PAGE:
A, Vitelliform submacular lesion with red-free photograph in case 1 immediately before photodynamic therapy. Middle-phase fluorescein angiogram shows a stellate hypofluorescent lesion with mild foveal hyperfluorescence that was misdiagnosed as choroidal neovascularization, B, Three months after photodynamic therapy, the vitelliform lesion had disappeared (C and D); the picture was unchanged after 1 year of follow-up (E and F). Visual acuity was 20/30 and remained stable throughout the follow-up.

Figure 2.
Case 1. Optical coherence tomography
before photodynamic therapy (A) shows a hyperreflective subretinal elevation
at the level of the fovea, with preservation of the physiological neuroepithelial
depression. Three months later, the subretinal deposits had disappeared, and
the retinal pigment epithelium profile was almost restored or rectilinear
(B), with no change after 1 year (C).

Case 1. Optical coherence tomography before photodynamic therapy (A) shows a hyperreflective subretinal elevation at the level of the fovea, with preservation of the physiological neuroepithelial depression. Three months later, the subretinal deposits had disappeared, and the retinal pigment epithelium profile was almost restored or rectilinear (B), with no change after 1 year (C).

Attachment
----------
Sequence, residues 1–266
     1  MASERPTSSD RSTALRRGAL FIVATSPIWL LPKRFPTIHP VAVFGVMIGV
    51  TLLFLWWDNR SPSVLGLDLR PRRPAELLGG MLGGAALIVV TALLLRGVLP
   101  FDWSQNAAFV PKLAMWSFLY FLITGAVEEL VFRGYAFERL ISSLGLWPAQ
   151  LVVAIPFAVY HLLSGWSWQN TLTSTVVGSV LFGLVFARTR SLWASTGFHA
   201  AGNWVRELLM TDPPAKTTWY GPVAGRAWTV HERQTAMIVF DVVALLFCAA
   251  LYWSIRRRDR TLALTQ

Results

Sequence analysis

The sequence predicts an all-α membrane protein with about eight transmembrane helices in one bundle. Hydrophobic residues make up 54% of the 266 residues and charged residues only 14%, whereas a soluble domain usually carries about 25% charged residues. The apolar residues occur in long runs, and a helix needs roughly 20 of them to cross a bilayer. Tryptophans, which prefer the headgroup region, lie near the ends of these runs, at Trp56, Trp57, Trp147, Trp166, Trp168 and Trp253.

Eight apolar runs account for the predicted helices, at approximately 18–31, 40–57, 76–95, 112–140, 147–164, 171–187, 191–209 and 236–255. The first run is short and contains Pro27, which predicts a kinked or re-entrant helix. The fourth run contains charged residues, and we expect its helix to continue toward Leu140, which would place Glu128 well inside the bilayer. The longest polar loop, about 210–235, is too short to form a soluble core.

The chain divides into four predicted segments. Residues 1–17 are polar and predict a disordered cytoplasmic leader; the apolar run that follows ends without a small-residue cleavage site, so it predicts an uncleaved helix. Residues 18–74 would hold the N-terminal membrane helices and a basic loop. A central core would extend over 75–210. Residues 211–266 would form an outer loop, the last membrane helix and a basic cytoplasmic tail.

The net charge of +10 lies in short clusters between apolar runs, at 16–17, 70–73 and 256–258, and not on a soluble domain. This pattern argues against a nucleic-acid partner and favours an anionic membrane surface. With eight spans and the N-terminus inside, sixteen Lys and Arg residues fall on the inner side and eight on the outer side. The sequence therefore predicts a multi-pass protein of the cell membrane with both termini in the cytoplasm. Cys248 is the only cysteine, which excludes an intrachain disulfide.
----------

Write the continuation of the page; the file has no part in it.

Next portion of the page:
Case 2

A 74-year-old woman had a vitelliformlike lesion in her left eye on clinical examination. The right eye displayed a roundish area of chorioretinal atrophy at the macula. The subretinal macular deposits showed early, stellate blocked fluorescence, and marked late leakage in the left eye. The left eye received PDT because of suspected CNV. Visual acuity in the left eye was 20/40 before PDT and throughout the following year, and no further PDT was applied. The angiographic aspect of the left macula was also stable.

Case 3

Bilateral macular RPE atrophy associated with reticular hyperpigmentation were seen in both fundi of a 65-year-old man. The left fovea had yellowish subretinal material causing early, stellate blocked fluorescence with fluorescein angiography, followed by abundant late leakage. Best-corrected visual acuity was 20/600 OD and 20/100 OS. The left eye received PDT because of suspected CNV. We obtained fluorescein angiograms as early as 1 month after PDT. Although the angiographic picture was substantially unchanged, we observed resorption of the yellowish subretinal material, and this aspect was maintained during the following months. Visual acuity was 20/100 soon after PDT, and was measured as 20/60 after 6 months. Thereafter, it declined to 20/400 because of dense subcapsular cataract. Cataract extraction was advised approximately 1 year after PDT.